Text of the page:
Back with a bang, Westworld Season 4 launches with a hell of a premiere episode, introducing all the familiar favourites who will have you chomping at the bit for more.
There's no doubt that Westworld's Anthony Hopkins-centric first season was its most focussed, gifting us a real sense of imagination to its teasing tale of elaborate theme parks and sentient AI going rogue. But subsequent seasons have absolutely run with these themes and exploded them out into the 'real' world, or whatever that might resemble, blending reality and virtuality wonderfully, and just as mysteriously as they blend humans with AI. But the focus left a long time ago, abandoning Westworld in favour of pure malevolent mystery which, frequently, was more than enough to make for heady entertainment.
... great viewing, frustrating as it may end up being in the long run
At some point though, enough will be enough, with Westworld's desire to consistently pose more questions than it does answers only really intriguing... to a point. And after the finale to season 3, there were a lot of questions about what would happen next, with the creators - Jonathan Nolan and Lisa Joy - seemingly happy to answer them simply with "Seven years later". Thankfully, the silver lining is that season 4 kicks off with such tremendous momentum that you feel like, if it can keep this up, it's possible you won't give a damn. You'll just be hooked.
Westworld launches in the US and UK day and date, over on Sky/NOW here, releasing weekly which will be a tough but hopefully worthwhile wait for many (or just save them up and binge, which is also pretty damn effective). It tells a LOT of story in its opening 52 minutes; a lean, unforgiving affair that offers snapshot updates across a slew of familiar faces - no doubt spoiled somewhat by the trailer, but, really, all (re-)introduced in this episode - and doesn't even bother to catch you up with whatever the hell has been happening these last seven years, instead focusing on the now.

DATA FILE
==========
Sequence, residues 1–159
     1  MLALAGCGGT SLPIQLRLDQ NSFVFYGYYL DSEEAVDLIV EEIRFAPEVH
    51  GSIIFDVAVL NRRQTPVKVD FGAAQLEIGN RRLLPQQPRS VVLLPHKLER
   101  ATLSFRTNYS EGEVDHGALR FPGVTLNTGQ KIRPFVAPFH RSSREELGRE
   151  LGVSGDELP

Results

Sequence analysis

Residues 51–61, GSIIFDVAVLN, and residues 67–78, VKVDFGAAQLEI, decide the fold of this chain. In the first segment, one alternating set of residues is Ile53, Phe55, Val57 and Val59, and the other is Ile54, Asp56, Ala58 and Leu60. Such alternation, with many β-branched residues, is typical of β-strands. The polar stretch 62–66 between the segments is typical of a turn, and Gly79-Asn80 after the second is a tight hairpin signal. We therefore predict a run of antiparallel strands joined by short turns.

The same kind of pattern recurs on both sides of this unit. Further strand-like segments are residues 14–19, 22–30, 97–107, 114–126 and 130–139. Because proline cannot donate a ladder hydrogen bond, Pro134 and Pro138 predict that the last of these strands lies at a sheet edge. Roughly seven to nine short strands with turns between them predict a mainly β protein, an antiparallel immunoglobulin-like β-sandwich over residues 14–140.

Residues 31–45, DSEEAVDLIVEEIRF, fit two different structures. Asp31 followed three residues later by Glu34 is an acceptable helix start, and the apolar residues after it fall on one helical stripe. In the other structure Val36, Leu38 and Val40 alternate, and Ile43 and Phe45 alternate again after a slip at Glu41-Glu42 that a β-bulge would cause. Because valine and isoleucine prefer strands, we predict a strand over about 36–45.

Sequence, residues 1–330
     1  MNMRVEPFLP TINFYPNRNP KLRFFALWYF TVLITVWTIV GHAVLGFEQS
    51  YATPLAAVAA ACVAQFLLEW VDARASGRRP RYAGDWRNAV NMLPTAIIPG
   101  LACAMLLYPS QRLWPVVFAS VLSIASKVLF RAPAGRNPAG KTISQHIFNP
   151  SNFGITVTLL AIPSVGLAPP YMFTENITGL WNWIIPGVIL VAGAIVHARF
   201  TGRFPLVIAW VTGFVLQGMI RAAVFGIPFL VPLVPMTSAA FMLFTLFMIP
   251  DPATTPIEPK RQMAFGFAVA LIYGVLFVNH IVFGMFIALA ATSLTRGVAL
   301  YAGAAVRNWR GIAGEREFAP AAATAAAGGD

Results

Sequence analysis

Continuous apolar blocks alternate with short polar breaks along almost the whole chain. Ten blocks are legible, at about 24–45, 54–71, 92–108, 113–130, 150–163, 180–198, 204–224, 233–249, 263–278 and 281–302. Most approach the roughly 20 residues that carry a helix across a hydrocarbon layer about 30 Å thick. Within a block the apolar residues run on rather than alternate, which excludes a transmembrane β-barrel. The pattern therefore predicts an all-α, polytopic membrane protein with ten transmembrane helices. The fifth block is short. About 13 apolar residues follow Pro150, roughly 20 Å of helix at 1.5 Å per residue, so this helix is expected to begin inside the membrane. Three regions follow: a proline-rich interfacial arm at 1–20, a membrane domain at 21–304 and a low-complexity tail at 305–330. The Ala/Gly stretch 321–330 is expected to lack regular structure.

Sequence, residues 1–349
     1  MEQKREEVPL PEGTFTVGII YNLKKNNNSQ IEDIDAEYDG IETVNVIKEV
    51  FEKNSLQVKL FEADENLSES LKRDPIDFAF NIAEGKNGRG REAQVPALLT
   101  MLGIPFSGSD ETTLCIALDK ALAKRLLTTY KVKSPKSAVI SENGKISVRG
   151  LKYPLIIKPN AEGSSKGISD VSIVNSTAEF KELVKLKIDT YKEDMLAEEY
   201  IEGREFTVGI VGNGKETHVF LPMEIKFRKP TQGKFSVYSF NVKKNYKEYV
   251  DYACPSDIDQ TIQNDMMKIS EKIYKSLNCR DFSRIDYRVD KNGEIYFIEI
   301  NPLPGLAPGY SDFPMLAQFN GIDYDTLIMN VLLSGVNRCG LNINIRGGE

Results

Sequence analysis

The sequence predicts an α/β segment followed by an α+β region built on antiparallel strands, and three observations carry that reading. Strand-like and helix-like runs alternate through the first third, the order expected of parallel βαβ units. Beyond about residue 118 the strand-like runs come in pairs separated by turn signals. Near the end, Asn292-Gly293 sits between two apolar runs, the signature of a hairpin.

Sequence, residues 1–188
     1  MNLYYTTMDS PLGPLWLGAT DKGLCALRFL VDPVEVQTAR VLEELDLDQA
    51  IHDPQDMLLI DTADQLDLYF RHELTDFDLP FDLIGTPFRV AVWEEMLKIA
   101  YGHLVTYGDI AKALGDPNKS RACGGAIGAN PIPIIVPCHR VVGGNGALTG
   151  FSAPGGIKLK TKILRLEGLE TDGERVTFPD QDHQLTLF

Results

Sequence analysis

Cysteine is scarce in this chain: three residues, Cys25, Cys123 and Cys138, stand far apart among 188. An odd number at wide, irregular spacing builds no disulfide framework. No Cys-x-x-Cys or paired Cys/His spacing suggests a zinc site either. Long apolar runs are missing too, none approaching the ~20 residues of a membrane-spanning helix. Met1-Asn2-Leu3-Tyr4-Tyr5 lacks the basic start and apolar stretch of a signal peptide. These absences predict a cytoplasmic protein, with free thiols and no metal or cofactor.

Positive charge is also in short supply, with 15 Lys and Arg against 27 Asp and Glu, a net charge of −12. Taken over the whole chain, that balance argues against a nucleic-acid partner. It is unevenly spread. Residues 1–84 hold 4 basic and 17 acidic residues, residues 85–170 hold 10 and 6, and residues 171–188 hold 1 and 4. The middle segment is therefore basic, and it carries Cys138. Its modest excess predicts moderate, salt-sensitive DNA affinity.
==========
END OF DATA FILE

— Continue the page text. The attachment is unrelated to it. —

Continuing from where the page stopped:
... tells a LOT of story in its opening 52 minutes
Ed Harris's new Man in Black opens the episode with a bang, and certainly sets the tone effectively - this is going to be a dark and relentless on the run kind of affair, with Thandiwe Newton's Maeve finding her remote harmony almost instantly ruined, as is the family routine of Aaron Paul's Caleb. And Evan Rachel Wood is just one big fat what the hell?. So, pretty-much business as normal in Westworld, which has seemingly drifted so far away from simple luxury theme park escapism gone wrong that it's now in a whole new universe... or is it?
It's great viewing, frustrating as it may end up being in the long run, with some fabulous characters and tense, oppressive action - and a great score to boot. They keep this up, and maybe nobody will care what the hell is going on. Maybe.
Westworld Season 4 is on Sky/NowTV in the UK from 27th June 2022.
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